A discursive look at Napoleonic & ECW wargaming, plus a load of old Hooptedoodle on this & that


Monday, 25 November 2013

ECW Movement Rates and a Renaissance Joke


My early games with my ECW miniatures rules based on Commands and Colors have shown a common theme – a tendency for the cavalry to race around the place, wiping each other out, while the foot are pretty static in the centre – slow to get into action and ponderous once they get there.

This may well be an authentic representation of what 17th Century warfare was like, but I have been giving some thought to making the foot a little more mobile – nothing outrageous, but a little more – how do you say? – oomph when deploying. For my next couple of games I propose to allow foot to fire only if they stand still, to move 1 hex and still have the capability to initiate a melee combat, or to move 2 hexes with no option to carry out any combat. This double move is not allowed to bring them nearer than 2 hexes (musket range) of any enemy, and must not compromise any terrain rules, so they may not make a 2-hex move if they are within 2 hexes of the enemy, and must stop when they get to 2 hexes from the enemy. I am doing some consistency checking to see how this sits with the terrain rules and the Command Cards.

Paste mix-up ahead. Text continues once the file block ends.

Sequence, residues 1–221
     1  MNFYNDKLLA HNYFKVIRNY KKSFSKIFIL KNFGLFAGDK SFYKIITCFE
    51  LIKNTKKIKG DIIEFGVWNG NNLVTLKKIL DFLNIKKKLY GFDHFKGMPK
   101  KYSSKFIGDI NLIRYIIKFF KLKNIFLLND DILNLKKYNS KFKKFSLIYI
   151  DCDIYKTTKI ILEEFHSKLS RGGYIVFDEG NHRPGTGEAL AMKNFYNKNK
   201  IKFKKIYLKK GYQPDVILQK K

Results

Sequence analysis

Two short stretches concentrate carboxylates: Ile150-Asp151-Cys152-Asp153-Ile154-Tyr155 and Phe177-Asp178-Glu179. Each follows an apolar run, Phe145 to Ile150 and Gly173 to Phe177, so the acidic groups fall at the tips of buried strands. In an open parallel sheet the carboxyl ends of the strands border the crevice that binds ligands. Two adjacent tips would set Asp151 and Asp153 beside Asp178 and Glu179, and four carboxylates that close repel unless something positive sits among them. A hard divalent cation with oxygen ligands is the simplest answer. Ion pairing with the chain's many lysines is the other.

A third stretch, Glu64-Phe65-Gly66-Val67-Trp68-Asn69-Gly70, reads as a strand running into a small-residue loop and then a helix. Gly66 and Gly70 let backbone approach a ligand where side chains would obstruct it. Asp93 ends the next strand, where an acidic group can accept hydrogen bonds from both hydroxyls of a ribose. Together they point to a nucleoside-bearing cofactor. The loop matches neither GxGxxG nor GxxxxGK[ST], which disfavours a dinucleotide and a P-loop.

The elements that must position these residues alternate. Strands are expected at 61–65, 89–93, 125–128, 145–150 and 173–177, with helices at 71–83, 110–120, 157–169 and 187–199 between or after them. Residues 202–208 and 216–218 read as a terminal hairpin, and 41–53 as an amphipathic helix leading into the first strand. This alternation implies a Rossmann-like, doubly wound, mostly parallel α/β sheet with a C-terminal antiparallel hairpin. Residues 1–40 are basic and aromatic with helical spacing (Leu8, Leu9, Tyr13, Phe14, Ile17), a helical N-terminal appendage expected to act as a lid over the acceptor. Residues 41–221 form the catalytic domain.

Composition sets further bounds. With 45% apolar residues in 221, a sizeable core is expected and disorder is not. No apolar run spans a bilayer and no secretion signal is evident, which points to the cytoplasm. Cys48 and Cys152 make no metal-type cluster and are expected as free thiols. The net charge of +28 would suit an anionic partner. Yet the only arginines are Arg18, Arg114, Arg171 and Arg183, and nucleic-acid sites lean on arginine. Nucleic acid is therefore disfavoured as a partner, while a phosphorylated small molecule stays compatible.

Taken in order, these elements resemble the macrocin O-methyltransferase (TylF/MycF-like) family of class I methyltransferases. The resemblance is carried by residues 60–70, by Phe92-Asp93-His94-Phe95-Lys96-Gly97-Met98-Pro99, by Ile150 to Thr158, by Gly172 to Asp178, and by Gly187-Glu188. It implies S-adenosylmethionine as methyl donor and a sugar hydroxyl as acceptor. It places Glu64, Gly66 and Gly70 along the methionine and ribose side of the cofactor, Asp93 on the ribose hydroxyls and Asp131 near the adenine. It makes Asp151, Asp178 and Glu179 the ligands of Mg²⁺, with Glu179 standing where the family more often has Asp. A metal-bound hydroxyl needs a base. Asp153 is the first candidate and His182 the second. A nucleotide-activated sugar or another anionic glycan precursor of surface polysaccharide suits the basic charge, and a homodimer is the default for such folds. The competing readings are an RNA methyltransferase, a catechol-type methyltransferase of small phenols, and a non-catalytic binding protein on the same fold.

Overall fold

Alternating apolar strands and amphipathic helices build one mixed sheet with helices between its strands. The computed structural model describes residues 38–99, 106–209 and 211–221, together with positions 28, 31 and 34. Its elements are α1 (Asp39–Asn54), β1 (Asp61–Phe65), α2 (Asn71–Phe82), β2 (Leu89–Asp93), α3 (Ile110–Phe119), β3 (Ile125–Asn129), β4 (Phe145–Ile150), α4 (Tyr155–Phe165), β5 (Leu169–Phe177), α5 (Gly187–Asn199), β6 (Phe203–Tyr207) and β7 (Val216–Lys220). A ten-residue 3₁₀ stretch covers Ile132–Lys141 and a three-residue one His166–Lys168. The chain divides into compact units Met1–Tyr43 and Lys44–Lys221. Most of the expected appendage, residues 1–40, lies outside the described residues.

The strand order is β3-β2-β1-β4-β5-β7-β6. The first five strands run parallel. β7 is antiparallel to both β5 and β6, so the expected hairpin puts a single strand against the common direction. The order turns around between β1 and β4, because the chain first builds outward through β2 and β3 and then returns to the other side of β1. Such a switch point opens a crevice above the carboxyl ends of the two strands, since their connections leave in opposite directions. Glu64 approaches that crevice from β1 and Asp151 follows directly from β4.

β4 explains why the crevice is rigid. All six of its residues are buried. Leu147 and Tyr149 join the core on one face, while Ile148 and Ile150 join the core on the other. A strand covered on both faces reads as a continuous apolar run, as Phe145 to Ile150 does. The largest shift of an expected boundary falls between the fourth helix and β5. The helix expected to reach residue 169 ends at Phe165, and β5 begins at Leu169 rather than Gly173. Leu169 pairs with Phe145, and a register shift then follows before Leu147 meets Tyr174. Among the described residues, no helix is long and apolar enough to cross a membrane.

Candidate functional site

This change may, of course, distort the entire game, but in principle it seems reasonable, so I propose to give it a trial.

Subject 2 – on my September trip to Bavaria and Austria, I saw the remarkable Glockenturmautomat in the Kunsthistorisches Museum, in Vienna. This astonishing clockwork device was made in Augsburg in 1580. We did not get to see it working when we were there (it’s much too precious for that), but I have subsequently found a little film about it on YouTube (of course). It is an odd piece of whimsy – a tower with bell-ringers working away while some merrymakers are boozing on the balcony. The film shows that, in close up, the weathering of the drinkers makes them look a bit sinister, but it is a terrific piece of workmanship.

If you like a touch of Rabelais in your humour, watch to the end…

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